Together with her husband, they founded Nyakairu Tea Estate.At that time, Africans were not allowed to grow cash crops. So, they influenced a change in the Law to allow Ugandans to grow cash-crops like tea, paving the way for others to follow.
Tributes have been paid to Adyeri Plaxeda Nyakairu, a Princess (Omubitookati) of Tooro Kingdom who passed on last week at the age of 98. Omubitookati Nyakairu was the wife of the late Joseph Nyakairu, the former treasurer of Tooro Kingdom.
Nyakairu was widely acknowledged as a seasoned entrepreneur and opinion leader, who always gave people wise counsel. She was also respected for her Catholic devotion and generosity.
Delivering his homily during the requiem mass at Lubaga Cathedral, the Bishop of Kasana-Luweero diocese, Paul Ssemwogerere said of Nyakairu: “She loved God with all her heart which was why she always supported religious causes. She was a prayerful woman, who always frequented spiritual centres like Kiwamirembe Shrine and the Vincentian Prayer Centre in Entebbe in order to have a closer encounter with her God.”
Chad Nyakairu, the eldest son, also said: “Our mother was a friend and counselor to many people. Even during her illness, she checked on people and prayed for them accordingly. She had deep commitment to the needy and vulnerable people. She also stood out as a seasoned businesswoman and entrepreneur.”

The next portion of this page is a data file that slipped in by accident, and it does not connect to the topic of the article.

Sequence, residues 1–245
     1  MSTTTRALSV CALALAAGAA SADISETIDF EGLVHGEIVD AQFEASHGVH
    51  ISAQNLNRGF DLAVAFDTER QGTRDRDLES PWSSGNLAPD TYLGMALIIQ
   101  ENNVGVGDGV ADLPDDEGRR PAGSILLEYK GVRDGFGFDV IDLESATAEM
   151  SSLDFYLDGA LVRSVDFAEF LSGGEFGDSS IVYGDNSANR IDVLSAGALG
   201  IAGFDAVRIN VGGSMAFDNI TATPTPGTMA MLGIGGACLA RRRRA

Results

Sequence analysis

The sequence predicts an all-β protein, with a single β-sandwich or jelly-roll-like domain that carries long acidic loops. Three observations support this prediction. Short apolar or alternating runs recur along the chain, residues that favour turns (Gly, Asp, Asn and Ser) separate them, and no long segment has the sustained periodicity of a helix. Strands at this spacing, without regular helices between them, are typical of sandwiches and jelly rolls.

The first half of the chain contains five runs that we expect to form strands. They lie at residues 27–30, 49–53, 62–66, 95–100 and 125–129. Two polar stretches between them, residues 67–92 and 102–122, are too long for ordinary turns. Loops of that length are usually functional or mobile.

A brief on Nyakairu (1920-2018)
Omubitookati Adyeri Plaxeda Nyakairu was born in 1920 to Atwoki Caji and Ateenyi Bwogo. Her family lived in Makarra.
She got married to Joseph Nyakairu (a former treasurer of Tooro Kingdom) in 1937. Together with her husband, they founded Nyakairu Tea Estate.
At that time, Africans were not allowed to grow cash crops. So, they influenced a change in the Law to allow Ugandans to grow cash-crops like tea, paving the way for others to follow.
In addition to their main business, Adyeri undertook other small enterprises like baking bread, selling salt and food farming to support her family.
Following the death of her husband in 1968, she continued to work hard to educate and raise her ten children.
In 1980, she went to live in the United States with her daughter Cecilia Bennet’s family for around 20 years.
On her return from the US, she continued to be active in business and subsequently built Koi Koi cultural centre and lodge. After the time of her death, she was completing a chapel dedicated to Saint Joseph.
Omubitookati Nyakairu was buried at her home in Kabarole District on Saturday. She was mourned by hundreds of people.